“It was never easy,” Draisaitl says. “It’s not easy to get ready for those kinds of games when you know you’re going to score a lot of goals. It’s not easy to concentrate when you know it will be a high-scoring game. I just wanted to get better every game and work hard.”
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THN’s 2014-15 NHL season preview: Los Angeles Kings

The Hockey News
Los Angeles Kings celebrating their 2014 Stanley Cup championship. (Photo by Bruce Bennett/Getty Images)

2013-14 record: 46-28-8

Acquisitions: David Van Der Gulik, Adam Cracknell

Departures: Colin Fraser, Willie Mitchell, LInden Vey

Top five fantasy players: Anze Kopitar, Marian Gaborik, Jeff Carter, Justin Williams, Drew Doughty

Boom, Bust and Bottom Line: The best, worst and most likely scenario
Boom: If L.A.’s offensive orgasm in the playoffs carries over into 2014-15, the team has a real chance at winning the Western Conference. After averaging just 2.42 goals per game last season, the Kings went nuts during the post-season, humming along at a 3.38 clip. Backed by Jonathan Quick, they already own the league’s No. 1 defense, and their playoff explosion shows they have the weapons to run with the West’s big guns during the regular season, if they only use them. Should they do so, the Presidents’ Trophy is well within reach, especially if freshly minted Marian Gaborik scores like he did in the playoffs. Read more

10 RFAs who missed training camp and how their disputes were resolved

Jamie Benn (Richard Wolowicz/Getty Images)

Ryan Johansen’s contract negotiations with the Columbus Blue Jackets are…contentious. Yesterday started with Blue Jackets GM Jarmo Kekalainen drawing a line in the sand by insinuating the start of training camp as a cut off point. Later on, team president John Davidson took aim at Johansen’s agent Kurt Overhardt by saying the numbers he was throwing out made no sense and were embarrassing.

This sounds like it could be one of the bigger RFA battles the NHL has had in recent years, but there’s still a little time before training camps open. And it’s not like it would be the first time a player has missed the start of training camp with a contract dispute.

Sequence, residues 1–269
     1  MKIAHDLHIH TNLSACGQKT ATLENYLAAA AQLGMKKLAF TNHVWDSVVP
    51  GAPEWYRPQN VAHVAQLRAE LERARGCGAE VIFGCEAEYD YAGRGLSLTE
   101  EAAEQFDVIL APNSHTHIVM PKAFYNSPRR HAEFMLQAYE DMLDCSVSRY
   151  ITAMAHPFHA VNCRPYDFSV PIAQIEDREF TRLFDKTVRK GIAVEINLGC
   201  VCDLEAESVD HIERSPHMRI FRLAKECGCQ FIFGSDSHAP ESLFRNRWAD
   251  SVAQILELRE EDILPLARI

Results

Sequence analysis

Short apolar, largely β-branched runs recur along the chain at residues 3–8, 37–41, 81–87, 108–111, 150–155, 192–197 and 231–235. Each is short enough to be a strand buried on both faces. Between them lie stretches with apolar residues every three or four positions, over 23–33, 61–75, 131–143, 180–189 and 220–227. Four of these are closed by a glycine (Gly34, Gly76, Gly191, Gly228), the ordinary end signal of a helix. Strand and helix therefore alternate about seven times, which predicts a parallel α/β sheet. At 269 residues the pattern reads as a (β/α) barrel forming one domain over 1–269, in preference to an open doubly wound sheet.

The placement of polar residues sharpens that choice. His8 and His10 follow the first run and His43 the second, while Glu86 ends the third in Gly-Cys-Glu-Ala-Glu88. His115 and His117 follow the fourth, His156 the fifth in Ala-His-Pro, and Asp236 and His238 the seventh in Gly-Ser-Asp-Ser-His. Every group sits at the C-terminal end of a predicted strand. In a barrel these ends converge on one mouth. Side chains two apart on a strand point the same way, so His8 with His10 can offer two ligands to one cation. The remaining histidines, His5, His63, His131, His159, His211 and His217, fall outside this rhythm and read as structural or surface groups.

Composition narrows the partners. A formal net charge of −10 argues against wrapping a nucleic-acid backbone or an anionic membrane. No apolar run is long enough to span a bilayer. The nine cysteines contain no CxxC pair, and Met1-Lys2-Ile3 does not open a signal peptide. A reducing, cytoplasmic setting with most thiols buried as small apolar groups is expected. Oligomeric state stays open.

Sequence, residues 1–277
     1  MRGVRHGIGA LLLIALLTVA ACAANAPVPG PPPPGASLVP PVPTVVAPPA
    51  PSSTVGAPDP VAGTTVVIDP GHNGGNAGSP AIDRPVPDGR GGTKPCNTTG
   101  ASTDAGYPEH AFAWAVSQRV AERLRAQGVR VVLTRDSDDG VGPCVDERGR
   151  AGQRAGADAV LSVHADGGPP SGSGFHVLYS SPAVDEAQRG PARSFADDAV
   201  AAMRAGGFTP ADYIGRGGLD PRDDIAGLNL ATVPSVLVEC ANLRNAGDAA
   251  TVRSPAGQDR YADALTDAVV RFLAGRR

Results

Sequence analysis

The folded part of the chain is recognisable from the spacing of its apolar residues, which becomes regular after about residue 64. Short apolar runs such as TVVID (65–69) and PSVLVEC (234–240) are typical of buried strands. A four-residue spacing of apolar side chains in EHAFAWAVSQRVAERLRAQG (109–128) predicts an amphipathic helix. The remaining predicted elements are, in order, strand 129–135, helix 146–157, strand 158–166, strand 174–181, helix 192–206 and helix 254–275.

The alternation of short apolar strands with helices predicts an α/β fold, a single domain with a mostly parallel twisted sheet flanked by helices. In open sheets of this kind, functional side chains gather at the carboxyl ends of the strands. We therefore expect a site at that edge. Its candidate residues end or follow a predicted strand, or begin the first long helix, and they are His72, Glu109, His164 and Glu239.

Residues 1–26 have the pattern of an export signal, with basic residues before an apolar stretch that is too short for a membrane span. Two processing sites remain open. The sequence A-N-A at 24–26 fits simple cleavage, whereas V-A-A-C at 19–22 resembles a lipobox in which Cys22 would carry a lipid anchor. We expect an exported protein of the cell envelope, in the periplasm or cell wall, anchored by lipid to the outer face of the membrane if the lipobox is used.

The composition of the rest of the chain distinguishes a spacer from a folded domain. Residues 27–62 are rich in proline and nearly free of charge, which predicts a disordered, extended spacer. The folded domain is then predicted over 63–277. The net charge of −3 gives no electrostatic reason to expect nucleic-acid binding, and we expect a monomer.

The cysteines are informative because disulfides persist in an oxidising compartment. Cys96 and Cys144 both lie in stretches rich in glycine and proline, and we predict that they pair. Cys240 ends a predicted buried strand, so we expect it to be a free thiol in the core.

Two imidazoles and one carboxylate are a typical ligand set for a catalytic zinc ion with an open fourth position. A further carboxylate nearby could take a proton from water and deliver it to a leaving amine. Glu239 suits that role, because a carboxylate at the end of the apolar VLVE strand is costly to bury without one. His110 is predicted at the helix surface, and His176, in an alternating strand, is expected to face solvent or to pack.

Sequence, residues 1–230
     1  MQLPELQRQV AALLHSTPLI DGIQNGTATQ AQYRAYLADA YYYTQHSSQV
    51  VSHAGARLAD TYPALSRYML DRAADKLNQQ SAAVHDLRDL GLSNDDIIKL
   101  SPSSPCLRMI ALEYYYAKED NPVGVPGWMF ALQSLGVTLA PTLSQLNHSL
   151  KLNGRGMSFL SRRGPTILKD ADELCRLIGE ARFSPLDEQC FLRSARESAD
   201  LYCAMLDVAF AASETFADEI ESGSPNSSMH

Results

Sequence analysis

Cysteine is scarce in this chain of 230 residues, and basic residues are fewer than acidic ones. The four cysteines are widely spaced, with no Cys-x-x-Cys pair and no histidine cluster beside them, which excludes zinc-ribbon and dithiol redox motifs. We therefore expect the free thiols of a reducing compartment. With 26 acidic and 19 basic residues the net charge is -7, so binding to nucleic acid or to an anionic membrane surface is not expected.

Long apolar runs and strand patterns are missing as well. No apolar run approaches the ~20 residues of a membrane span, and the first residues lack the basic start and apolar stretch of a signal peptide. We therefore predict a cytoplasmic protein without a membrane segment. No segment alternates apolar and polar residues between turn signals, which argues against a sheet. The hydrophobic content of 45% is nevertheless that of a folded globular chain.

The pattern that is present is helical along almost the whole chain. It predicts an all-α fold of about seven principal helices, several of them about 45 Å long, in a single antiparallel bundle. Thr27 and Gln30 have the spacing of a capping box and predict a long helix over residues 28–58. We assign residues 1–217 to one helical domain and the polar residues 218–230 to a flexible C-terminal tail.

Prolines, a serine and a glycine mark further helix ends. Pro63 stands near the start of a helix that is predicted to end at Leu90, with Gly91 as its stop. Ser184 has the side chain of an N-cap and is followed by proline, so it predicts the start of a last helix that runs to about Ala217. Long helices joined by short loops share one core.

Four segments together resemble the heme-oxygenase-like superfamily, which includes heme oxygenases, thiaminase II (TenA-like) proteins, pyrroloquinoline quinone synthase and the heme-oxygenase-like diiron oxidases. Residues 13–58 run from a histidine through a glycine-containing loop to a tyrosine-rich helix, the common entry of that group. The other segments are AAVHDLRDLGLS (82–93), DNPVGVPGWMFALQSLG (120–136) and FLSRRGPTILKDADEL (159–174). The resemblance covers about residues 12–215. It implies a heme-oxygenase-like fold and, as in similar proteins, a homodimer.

It actually used to happen a lot more in the NHL. In the 1990s, it was a regular, yearly thing most teams would have to deal with at one point or another. The only great leverage an RFA without arbitration rights has is to stay home and make the team sweat. It maybe doesn’t happen as often as it used to, but the Johansen situation is hardly unique to the NHL today. Heck, Torey Krug, Jaden Schwartz, Reilly Smith, Darcy Kuemper and Cody Eakin are going through their own, less-publicized negotiations right now too.

We take a look at some of the more recent RFAs who missed all or a portion of training camp over a contract dispute and what the outcome was. We didn’t want to look too far back at every situation because market conditions have changed, especially when looking back past the 2004-05 lockout. Anything before then is basically no influence on Johansen’s situation. Just don’t call these guys holdouts.

Derek Stepan, New York Rangers
Prior to last season, Stepan missed 16 days of training camp before settling on a bridge deal with the Rangers. Stepan ended up signing a two-year deal that has a $3.075 million salary cap charge. Read more

Why the NHL should copy baseball’s playoff format

Ronnie Shuker
(Photo by Noah Graham/NHL)

If the NHL playoffs were similar in spirit to Major League Baseball’s, there’s a good chance the Los Angeles Kings wouldn’t have won the Stanley Cup in 2012. They would’ve had to play the Calgary Flames in a one-game showdown just to get into the playoffs and probably would’ve lost.

More on that later, but first to the matter at hand.